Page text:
Test Driving Left-Hand Drive Vehicles

It’s not easy to find something the entire postal community can agree on. But the U.S. Postal Service’s need to replace its delivery vehicles just might get all heads nodding.

Given package volume growth, the Postal Service needs vehicles with increased cargo-handling capacity to replace the existing fleet of left hand drive (LHD) vehicles, many of which have exceeded their end-of-life projections. They also have expensive ongoing operating costs that exceed the vehicles’ value.

 

Too Costly to Keep On Truckin?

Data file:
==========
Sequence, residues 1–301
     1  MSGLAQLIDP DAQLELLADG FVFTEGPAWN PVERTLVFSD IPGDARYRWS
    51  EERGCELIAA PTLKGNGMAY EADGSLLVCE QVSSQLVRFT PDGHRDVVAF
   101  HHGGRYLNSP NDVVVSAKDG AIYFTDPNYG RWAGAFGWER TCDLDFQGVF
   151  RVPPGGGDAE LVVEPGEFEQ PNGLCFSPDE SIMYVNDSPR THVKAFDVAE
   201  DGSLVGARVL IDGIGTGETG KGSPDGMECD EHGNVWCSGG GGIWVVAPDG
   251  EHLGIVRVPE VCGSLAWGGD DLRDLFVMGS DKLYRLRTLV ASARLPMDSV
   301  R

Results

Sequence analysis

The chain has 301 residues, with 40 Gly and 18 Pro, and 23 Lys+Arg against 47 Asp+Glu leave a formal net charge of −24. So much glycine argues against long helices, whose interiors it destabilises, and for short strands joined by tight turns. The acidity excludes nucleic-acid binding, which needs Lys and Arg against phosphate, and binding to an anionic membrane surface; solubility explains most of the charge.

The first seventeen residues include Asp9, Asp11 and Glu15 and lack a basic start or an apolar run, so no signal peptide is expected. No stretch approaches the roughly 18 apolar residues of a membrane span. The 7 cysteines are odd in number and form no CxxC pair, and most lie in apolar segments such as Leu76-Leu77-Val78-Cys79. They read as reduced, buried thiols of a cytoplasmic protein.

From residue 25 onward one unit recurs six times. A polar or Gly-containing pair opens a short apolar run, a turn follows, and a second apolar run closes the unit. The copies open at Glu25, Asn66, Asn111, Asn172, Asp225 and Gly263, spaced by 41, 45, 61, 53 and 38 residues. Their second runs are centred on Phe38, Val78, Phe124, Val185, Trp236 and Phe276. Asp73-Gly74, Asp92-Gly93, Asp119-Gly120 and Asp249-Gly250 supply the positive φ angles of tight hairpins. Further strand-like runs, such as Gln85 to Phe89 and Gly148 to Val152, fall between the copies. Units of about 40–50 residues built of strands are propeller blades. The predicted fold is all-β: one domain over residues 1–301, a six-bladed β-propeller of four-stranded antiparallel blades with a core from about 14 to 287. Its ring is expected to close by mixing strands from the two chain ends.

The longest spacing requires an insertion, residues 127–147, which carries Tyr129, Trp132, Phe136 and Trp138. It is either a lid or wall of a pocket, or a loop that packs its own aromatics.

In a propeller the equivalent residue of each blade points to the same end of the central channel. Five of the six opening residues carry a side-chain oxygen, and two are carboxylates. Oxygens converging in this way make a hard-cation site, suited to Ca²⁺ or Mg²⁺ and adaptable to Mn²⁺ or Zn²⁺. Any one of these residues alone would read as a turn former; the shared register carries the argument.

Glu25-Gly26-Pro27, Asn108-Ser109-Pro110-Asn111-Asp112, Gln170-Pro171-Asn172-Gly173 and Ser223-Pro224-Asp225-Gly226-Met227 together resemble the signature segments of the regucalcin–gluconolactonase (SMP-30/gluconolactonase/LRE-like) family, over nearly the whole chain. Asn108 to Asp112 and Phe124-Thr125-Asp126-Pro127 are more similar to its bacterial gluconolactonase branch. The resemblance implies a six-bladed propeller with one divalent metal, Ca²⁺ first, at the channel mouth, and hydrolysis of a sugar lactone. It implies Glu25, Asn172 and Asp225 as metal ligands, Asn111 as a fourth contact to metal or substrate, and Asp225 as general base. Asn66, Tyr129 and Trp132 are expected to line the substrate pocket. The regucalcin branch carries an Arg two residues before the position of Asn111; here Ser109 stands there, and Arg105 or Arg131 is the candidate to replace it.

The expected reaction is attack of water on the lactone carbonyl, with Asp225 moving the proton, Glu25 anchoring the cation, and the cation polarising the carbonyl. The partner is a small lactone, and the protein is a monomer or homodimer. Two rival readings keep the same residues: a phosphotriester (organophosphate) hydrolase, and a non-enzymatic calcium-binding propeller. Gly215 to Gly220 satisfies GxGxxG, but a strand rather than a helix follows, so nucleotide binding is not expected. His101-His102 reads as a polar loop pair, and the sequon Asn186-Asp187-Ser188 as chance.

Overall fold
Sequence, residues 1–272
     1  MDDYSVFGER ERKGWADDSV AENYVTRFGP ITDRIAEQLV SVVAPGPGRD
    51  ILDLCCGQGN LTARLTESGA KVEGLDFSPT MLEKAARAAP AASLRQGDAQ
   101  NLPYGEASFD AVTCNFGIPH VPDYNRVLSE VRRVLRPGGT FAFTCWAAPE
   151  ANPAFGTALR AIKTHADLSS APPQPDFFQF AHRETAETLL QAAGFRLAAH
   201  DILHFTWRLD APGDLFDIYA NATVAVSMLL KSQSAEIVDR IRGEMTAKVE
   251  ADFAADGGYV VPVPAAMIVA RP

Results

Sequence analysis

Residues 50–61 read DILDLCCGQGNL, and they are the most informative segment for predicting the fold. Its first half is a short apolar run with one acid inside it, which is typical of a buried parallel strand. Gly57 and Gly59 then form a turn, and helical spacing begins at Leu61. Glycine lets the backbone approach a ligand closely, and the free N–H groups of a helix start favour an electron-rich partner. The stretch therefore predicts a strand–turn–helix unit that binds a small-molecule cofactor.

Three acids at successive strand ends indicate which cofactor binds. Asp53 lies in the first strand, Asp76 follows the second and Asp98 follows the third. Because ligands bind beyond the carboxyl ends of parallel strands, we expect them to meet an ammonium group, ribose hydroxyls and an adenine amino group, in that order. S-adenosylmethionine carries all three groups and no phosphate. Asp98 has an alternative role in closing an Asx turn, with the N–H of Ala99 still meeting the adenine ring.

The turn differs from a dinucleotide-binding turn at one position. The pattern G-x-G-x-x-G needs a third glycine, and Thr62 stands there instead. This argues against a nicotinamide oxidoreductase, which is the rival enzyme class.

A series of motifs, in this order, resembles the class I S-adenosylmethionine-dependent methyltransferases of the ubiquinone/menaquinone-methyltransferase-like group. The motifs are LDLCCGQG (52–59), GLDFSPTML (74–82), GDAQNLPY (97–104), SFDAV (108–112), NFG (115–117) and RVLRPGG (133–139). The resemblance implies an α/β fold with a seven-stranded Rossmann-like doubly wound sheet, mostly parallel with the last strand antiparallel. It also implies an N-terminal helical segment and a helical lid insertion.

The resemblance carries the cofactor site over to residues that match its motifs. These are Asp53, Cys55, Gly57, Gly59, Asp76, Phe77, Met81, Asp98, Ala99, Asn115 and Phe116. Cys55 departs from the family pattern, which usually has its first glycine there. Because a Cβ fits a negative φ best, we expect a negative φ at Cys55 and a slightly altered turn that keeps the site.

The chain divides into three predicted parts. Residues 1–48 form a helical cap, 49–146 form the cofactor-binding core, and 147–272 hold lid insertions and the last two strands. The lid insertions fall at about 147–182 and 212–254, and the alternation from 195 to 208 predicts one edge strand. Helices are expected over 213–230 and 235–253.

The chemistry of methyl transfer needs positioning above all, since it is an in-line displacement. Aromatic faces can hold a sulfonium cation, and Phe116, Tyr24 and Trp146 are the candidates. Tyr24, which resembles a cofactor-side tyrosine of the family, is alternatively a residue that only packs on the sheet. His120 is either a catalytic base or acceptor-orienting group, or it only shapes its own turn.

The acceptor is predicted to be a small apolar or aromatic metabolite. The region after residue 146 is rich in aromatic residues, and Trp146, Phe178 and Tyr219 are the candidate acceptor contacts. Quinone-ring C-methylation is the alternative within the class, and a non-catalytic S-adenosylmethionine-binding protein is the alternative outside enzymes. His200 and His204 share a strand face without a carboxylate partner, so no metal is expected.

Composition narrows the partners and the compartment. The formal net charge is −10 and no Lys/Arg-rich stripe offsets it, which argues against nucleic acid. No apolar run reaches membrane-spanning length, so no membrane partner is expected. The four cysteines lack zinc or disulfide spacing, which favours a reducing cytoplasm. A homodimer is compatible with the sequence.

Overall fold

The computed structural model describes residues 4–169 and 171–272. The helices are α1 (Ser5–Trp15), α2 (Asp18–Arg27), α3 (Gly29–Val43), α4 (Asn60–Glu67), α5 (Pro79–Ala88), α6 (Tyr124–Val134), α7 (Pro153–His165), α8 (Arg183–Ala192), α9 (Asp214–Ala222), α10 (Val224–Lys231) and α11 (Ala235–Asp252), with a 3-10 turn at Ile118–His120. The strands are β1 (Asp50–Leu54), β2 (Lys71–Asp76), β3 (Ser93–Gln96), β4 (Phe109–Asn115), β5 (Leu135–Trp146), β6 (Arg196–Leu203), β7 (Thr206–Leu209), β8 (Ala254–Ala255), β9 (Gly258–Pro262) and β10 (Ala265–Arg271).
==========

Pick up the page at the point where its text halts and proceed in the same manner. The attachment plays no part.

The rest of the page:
The U.S. Postal Service’s current fleet of more than 219,000 vehicles includes approximately 146,000 delivery vehicles, most of which are long-life vehicles (LLVs). The first LLVs were produced in 1987, and they average about 10 miles per gallon. The vehicles are right-hand drive to accommodate drivers delivering numerous mailpieces to curbside mailboxes. These iconic right-hand drive delivery trucks are nearing the end of a 24-year life cycle and are costly to maintain. In a recent audit, we noted that it cost the Postal Service about $524 million to fix the LLVs in fiscal year 2009.